Exercise Arnhem Thunder finished in the Top End

The Royal Australian Air Force has successfully completed Exercise Arnhem Thunder 21, a major training activity held at RAAF Bases Darwin and Tindal in the Northern Territory.

CAPTION: An Air Force EA-18G Growler, aircraft taxis past two F-35A Lightning II aircraft on its way to the runway, during exercise Arnhem Thunder held at RAAF Base Darwin, Northern Territory. Photo by Leading Aircraftman Stewart Gould.

Between 17 May and 15 June, more than 500 personnel and 50 aircraft participated in Air Force’s largest domestic exercise for 2021.

Fighter jets conducted air-to-air combat scenarios and dropped live ordnance on the Delamere Air Weapons Range, and a contingency response squadron activated a forward operating base in austere conditions at the Mount Bundey Training Area.

Assets deployed to the exercise included the F-35A Lightning II, F/A-18F Super Hornet, EA-18G Growler, F/A-18A Hornet, Hawk 127, E-7A Wedgetail, KC-30A multi-role tanker transport, C-17A Globemaster, C-130J Hercules, C-27J Spartan, combat support personnel, and operational headquarters staff.

CAPTION: No. 6 Squadron EA-18G Growler aircraft taxies prior to a night operation during Exercise Arnhem Thunder, at RAAF Base Darwin, Northern Territory. Photo by leading Aircraftman Stewart Gould.

Exercise Director, Wing Commander Steven Bradley, said Arnhem Thunder provided vital force generation training.

“It is a prime example of Air Force’s ability to mobilise and integrate its air and ground-based capabilities in response to a range of security threats,” Wing Commander Bradley said.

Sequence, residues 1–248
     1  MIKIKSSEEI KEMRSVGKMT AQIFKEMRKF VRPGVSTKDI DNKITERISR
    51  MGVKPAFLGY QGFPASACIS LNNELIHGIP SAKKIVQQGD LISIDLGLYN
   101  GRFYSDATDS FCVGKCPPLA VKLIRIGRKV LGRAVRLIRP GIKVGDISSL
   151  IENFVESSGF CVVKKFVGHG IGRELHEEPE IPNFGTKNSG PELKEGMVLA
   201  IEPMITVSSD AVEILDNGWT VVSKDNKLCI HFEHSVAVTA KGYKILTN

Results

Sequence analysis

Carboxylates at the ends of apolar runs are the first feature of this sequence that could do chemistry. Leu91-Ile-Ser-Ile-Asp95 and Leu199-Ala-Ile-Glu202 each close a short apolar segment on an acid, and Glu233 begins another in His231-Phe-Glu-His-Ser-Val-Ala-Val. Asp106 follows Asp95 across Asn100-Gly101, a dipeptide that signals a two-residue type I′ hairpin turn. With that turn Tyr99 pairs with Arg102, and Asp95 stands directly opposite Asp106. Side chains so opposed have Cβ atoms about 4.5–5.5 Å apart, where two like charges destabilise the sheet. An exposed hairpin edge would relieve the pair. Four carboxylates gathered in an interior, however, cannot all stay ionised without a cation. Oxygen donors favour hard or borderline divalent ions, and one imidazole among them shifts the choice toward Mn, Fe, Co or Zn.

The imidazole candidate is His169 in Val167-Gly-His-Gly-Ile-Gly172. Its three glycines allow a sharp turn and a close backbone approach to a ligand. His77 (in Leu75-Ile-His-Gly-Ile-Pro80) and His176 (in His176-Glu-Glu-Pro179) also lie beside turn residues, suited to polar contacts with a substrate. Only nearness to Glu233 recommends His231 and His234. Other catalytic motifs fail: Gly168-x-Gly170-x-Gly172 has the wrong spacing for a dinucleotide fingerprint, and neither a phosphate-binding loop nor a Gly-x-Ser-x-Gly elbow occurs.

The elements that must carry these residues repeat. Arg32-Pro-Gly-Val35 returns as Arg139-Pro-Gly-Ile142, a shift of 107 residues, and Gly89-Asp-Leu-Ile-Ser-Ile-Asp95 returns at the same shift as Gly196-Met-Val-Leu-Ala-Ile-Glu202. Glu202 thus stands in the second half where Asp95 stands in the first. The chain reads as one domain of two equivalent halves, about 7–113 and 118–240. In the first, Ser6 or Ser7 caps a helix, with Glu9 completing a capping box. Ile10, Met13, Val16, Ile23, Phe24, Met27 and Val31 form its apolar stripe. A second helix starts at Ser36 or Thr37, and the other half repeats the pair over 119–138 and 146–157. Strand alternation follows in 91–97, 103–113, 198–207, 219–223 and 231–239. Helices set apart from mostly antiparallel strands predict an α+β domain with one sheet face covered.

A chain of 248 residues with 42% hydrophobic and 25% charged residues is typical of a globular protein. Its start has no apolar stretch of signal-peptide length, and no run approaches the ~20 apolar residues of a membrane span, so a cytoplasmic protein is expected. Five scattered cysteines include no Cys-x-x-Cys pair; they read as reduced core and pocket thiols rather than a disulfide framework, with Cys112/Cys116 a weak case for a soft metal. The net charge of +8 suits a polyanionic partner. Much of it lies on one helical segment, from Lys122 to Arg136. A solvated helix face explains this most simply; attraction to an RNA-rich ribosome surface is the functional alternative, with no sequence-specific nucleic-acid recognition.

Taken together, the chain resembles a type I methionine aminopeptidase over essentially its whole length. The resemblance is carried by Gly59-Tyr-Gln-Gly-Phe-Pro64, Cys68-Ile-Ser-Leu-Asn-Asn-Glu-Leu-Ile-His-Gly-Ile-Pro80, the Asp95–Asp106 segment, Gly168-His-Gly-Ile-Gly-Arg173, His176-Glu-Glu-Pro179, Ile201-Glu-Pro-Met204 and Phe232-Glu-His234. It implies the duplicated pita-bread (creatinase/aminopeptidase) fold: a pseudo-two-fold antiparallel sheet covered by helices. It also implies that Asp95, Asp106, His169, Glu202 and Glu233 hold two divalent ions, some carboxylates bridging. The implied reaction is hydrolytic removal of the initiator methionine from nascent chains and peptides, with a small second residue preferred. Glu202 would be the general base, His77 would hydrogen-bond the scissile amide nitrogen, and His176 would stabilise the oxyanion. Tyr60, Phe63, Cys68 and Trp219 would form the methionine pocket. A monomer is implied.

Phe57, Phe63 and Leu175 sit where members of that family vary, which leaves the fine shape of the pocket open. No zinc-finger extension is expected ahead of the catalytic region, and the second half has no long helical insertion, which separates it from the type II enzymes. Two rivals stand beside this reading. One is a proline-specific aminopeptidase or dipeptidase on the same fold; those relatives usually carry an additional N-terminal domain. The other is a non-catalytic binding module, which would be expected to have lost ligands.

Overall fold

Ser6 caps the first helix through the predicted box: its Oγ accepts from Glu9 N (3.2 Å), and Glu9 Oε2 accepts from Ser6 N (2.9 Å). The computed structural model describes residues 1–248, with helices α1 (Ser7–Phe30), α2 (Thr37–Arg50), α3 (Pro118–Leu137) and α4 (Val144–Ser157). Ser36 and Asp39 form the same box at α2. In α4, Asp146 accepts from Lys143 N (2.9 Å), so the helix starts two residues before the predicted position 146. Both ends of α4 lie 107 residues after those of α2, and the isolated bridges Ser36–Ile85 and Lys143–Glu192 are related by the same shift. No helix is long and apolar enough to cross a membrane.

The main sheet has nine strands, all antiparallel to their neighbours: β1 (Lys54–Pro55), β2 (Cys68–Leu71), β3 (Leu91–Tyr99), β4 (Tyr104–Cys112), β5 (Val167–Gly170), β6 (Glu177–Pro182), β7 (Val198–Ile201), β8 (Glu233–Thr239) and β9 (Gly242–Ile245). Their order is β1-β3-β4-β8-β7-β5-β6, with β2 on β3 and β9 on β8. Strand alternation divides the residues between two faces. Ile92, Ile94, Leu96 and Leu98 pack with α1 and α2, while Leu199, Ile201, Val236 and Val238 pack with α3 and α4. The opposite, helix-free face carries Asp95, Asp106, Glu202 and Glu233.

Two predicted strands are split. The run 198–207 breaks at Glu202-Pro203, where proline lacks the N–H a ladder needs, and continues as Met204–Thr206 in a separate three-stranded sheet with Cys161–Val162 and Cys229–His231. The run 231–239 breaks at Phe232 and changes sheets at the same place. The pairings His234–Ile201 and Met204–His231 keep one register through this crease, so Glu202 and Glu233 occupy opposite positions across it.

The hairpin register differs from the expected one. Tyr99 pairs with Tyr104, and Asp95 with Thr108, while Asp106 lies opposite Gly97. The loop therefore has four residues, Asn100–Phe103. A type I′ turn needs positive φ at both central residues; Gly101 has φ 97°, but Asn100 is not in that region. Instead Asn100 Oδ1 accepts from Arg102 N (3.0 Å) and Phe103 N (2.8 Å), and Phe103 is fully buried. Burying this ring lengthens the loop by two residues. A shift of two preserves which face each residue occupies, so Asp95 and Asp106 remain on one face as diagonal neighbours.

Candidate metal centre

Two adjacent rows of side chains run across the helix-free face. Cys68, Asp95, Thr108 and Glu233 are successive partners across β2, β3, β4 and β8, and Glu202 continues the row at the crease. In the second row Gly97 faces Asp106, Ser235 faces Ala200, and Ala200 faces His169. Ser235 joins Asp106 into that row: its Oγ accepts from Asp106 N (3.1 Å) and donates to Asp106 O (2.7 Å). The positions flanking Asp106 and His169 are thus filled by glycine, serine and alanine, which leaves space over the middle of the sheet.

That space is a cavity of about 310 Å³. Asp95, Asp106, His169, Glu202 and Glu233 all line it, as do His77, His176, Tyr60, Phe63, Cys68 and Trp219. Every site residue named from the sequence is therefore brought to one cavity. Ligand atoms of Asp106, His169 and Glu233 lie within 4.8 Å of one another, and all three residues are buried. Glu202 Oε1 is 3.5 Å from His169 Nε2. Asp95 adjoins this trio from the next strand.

“The exercise allowed Air Force’s key elements – Air Combat Group, Surveillance and Response Group, Air Mobility Group, and Combat Support Group to conduct important training.”

Arnhem Thunder saw the F-35As deploy for the very first time since achieving initial operating capability in 2020.

CAPTION: Two Air Force F-35A Lightning II aircraft, take off for night time operations during Exercise Arnhem Thunder, held at RAAF Base Darwin, Northern Territory. Photo by leading Aircraftman Stewart Gould.

It was also the first time the F-35As, Super Hornets, Growlers deployed together as a high-end warfighting air combat package.

The F-35As will return to Darwin for the upcoming Exercise Rogue Ambush.

“Our sincerest thanks and gratitude to the residents of Darwin, Katherine and the surrounding rural areas for their ongoing support to important exercises such as Arnhem Thunder,” Wing Commander Bradley said.

“Training activities such as these are absolutely vital to the defence of Australia, and Air Force greatly appreciates the local community’s continued goodwill and understanding.”

The health and safety of Australian Defence Force personnel on exercise is paramount. All federal and NT government COVID safety measures were adhered to during the conduct of Arnhem Thunder, including social distancing and checking in.





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